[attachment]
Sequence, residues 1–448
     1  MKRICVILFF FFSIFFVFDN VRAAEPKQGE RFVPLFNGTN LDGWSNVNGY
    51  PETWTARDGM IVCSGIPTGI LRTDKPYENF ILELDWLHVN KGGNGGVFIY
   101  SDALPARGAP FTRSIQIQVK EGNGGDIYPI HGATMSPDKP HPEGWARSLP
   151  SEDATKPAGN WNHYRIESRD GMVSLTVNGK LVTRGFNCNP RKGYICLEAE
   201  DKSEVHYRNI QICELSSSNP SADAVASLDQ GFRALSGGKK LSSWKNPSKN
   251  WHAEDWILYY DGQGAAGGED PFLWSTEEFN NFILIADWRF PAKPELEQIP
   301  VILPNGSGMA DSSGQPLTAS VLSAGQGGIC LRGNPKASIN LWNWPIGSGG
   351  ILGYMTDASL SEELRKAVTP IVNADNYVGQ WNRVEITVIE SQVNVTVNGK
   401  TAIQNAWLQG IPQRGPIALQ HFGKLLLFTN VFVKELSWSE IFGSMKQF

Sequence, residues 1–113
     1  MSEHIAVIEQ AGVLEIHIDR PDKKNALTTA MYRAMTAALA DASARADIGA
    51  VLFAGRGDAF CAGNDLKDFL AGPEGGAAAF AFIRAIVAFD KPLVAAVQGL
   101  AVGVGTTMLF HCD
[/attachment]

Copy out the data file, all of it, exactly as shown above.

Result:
Sequence, residues 1–448
     1  MKRICVILFF FFSIFFVFDN VRAAEPKQGE RFVPLFNGTN LDGWSNVNGY
    51  PETWTARDGM IVCSGIPTGI LRTDKPYENF ILELDWLHVN KGGNGGVFIY
   101  SDALPARGAP FTRSIQIQVK EGNGGDIYPI HGATMSPDKP HPEGWARSLP
   151  SEDATKPAGN WNHYRIESRD GMVSLTVNGK LVTRGFNCNP RKGYICLEAE
   201  DKSEVHYRNI QICELSSSNP SADAVASLDQ GFRALSGGKK LSSWKNPSKN
   251  WHAEDWILYY DGQGAAGGED PFLWSTEEFN NFILIADWRF PAKPELEQIP
   301  VILPNGSGMA DSSGQPLTAS VLSAGQGGIC LRGNPKASIN LWNWPIGSGG
   351  ILGYMTDASL SEELRKAVTP IVNADNYVGQ WNRVEITVIE SQVNVTVNGK
   401  TAIQNAWLQG IPQRGPIALQ HFGKLLLFTN VFVKELSWSE IFGSMKQF

Sequence, residues 1–113
     1  MSEHIAVIEQ AGVLEIHIDR PDKKNALTTA MYRAMTAALA DASARADIGA
    51  VLFAGRGDAF CAGNDLKDFL AGPEGGAAAF AFIRAIVAFD KPLVAAVQGL
   101  AVGVGTTMLF HCD